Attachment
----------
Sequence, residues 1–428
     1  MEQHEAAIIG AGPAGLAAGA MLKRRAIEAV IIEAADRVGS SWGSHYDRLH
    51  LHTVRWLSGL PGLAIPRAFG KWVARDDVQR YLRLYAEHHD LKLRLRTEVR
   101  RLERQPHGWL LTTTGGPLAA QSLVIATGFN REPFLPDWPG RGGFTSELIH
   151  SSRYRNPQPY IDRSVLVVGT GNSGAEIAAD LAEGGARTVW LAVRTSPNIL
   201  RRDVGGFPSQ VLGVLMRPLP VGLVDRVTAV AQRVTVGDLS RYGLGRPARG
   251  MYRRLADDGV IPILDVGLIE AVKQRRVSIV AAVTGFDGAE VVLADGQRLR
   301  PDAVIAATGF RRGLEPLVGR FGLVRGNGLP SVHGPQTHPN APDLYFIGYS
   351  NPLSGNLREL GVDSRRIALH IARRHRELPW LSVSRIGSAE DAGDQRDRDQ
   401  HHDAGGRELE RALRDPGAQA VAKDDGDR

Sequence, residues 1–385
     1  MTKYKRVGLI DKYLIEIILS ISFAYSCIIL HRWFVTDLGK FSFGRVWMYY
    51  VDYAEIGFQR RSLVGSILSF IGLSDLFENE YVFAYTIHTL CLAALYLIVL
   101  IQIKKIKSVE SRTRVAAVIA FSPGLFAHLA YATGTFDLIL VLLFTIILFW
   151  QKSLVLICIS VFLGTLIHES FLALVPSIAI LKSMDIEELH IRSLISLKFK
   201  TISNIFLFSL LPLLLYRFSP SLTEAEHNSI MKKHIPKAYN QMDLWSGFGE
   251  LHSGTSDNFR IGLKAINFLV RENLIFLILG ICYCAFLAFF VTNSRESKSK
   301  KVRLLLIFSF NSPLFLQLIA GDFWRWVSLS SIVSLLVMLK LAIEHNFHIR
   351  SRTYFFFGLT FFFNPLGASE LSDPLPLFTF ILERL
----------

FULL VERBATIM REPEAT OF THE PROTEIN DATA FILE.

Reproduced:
Sequence, residues 1–428
     1  MEQHEAAIIG AGPAGLAAGA MLKRRAIEAV IIEAADRVGS SWGSHYDRLH
    51  LHTVRWLSGL PGLAIPRAFG KWVARDDVQR YLRLYAEHHD LKLRLRTEVR
   101  RLERQPHGWL LTTTGGPLAA QSLVIATGFN REPFLPDWPG RGGFTSELIH
   151  SSRYRNPQPY IDRSVLVVGT GNSGAEIAAD LAEGGARTVW LAVRTSPNIL
   201  RRDVGGFPSQ VLGVLMRPLP VGLVDRVTAV AQRVTVGDLS RYGLGRPARG
   251  MYRRLADDGV IPILDVGLIE AVKQRRVSIV AAVTGFDGAE VVLADGQRLR
   301  PDAVIAATGF RRGLEPLVGR FGLVRGNGLP SVHGPQTHPN APDLYFIGYS
   351  NPLSGNLREL GVDSRRIALH IARRHRELPW LSVSRIGSAE DAGDQRDRDQ
   401  HHDAGGRELE RALRDPGAQA VAKDDGDR

Sequence, residues 1–385
     1  MTKYKRVGLI DKYLIEIILS ISFAYSCIIL HRWFVTDLGK FSFGRVWMYY
    51  VDYAEIGFQR RSLVGSILSF IGLSDLFENE YVFAYTIHTL CLAALYLIVL
   101  IQIKKIKSVE SRTRVAAVIA FSPGLFAHLA YATGTFDLIL VLLFTIILFW
   151  QKSLVLICIS VFLGTLIHES FLALVPSIAI LKSMDIEELH IRSLISLKFK
   201  TISNIFLFSL LPLLLYRFSP SLTEAEHNSI MKKHIPKAYN QMDLWSGFGE
   251  LHSGTSDNFR IGLKAINFLV RENLIFLILG ICYCAFLAFF VTNSRESKSK
   301  KVRLLLIFSF NSPLFLQLIA GDFWRWVSLS SIVSLLVMLK LAIEHNFHIR
   351  SRTYFFFGLT FFFNPLGASE LSDPLPLFTF ILERL